How did your transfer window go in the end?
It was remarkably muted by our standards; I was half expecting a last-minute glut of loan signings like in recent seasons, but we sensibly decided to keep the squad small. We ended the window with just five additions – two of them permanent, three of them on loan.
The first through the door, Josh Laurent, who signed on a free from Shrewsbury Town, has certainly been the best of the five. We’ve converted him into a well-rounded holding midfielder – his mix of physicality off the ball and composure on it means he’s somewhere between being explicitly either a ball-winner or quarterback. He was very much a Bowen signing – he’d tracked Laurent since January, having apparently first been impressed by Laurent during their QPR days.
Ovie Ejaria also made a permanent move from Liverpool after spending the previous 18 months at Reading on two different loan spells, although he’s taken a while to get up to speed. As for the loan arrivals, Tomas Esteves (young right back from Porto), Lewis Gibson (young centre half from Everton) and Alfa Semedo (imposing central midfielder from Benfica) are yet to properly impress. Esteves and Semedo will hopefully improve as the season goes on, while Gibson is likely to be recalled due to a lack of first-team football.
Ins >>> Ovie Ejaria, 22, CM, Liverpool, £3.5m >>> Josh Laurent, 25, CM, Shrewsbury, Free >>> Lewis Gibson, 20, CB, Everton, Loan >>> Alfa Semedo, 23, CM, Benfica, Loan >>> Tomas Esteves, 18, RB, Porto, Loan
Outs >>> Modou Barrow, 27, LW, Jeobuk Motors (Korea), Undisclosed >>> Danny Loader, 19, CF, Porto, Free >>> Tyler Blackett 26, LB, Forest, Free >>> Adrian Popa, 31, RW, Voluntari, Free >>> Vito Mannone, 32, GK, Released >>> Jordan Obita, 26, LB, released >>> Charlie Adam, 34, CM, Bolton, Free >>> Garath McCleary, 33, RW, Wycombe, Free >>> Chris Gunter, 31, RB, Charlton, Free >>> Jordan Holsgrove, 21, CM< Celta Vigo, Free >>> Sam Smith, 22, CF, Tranmere, Loan >>> Marc McNulty, 28, CF, Dundee Utd, Loan
Stand-out players and weak links in the team?
I’ve struggled to answer the first bit of this question in recent years, usually not having more than two or three players at a push to pick out. This season though there are really impressive individuals all over the pitch, but here’s the shortlist.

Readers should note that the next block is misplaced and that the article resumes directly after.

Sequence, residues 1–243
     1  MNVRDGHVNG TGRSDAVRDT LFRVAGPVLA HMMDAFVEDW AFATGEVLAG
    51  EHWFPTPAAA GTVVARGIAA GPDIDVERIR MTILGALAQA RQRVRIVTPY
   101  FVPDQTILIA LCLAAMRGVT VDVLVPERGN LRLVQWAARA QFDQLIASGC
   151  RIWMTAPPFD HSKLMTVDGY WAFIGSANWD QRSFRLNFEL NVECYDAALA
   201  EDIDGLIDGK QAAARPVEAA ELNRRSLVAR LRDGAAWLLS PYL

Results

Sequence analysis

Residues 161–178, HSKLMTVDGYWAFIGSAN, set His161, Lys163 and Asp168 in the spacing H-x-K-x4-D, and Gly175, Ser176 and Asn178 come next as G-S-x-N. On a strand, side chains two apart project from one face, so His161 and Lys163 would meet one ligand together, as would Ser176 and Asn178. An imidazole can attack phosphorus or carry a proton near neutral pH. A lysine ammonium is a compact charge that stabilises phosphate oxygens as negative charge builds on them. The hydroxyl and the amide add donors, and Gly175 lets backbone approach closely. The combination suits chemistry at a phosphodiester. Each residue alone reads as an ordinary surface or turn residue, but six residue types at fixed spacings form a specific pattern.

Top scorer Lucas Joao tends to find the net even when he or the team aren’t playing well, but he adds so much more than just goals. He’s excellent at holding the ball up, bringing our other attackers into the game or fashioning a chance himself out of nothing. Top assister Michael Olise, who turns 19 on the day of our game at Loftus Road, has dazzling footwork and a wicked delivery from open play or set pieces, and will likely be snapped up by a big club for £20m at the very least in the summer. Left back Omar Richards (an academy graduate like Olise) is a dynamic, consistent and reliable presence who’s also been linked with a move to the Premier League.
Weak links in the team tend to be more about the team’s tactical failings rather than specific individuals being bad. For example, right back Tom Holmes (a converted centre half) often struggles to add incision going forwards, Andy Rinomhota’s lack of guile means we often lack creativity from a deep central area, and old-school centre half Michael Morrison isn’t the most refined at playing out from the back.
In some games those weaknesses haven’t punished at all – in fact, those three have all had good seasons. But get your tactics right and you’ll expose those failings – Birmingham City pressed us aggressively on Wednesday and had a lot of joy. That was a bit of a surprise for us as I was expecting us to struggle against City due to them sitting in and inviting us to break them down. We’ve struggled to do that this season, so if you go for the low-block approach, it’ll likely pay off for you.
Can a promotion push be sustained?
On current evidence, we know this Reading side is very good in spells – what we don’t know though is how consistent it’ll be over the course of the season. I wrote that sentence before the Birmingham City game on Wednesday, and that match underlined how inconsistent we really are. We’re capable of putting in excellent performances like against Bristol City and dominant but less impressive ones like against Nottingham Forest, but then also dropping points frustratingly as with the Sheffield Wednesday game or putting in a dud of a performance as with Birmingham City.
How that all balances out over the course of the season is anyone’s guess. We probably don’t have the depth to sustain the same level of consistency that a side like Bournemouth will, but it’s too early to tell whether or not we’ll lack consistency to such a degree that we’ll drop out of the top six.
The more specific worry is injuries to key players, which have derailed us already this season. Our four-match losing streak came when Yakou Meite, Ovie Ejaria and Liam Moore were all either unavailable or coming back from injury, and a similar pile-up could prompt results to flatline again. Going into the QPR game there are now real worries over Joao and Meite, who were both hurt in the Birmingham City match.
The Twitter @TheTilehurstEnd, @SimFromBucks, @loftforwords
Pictures – Action Images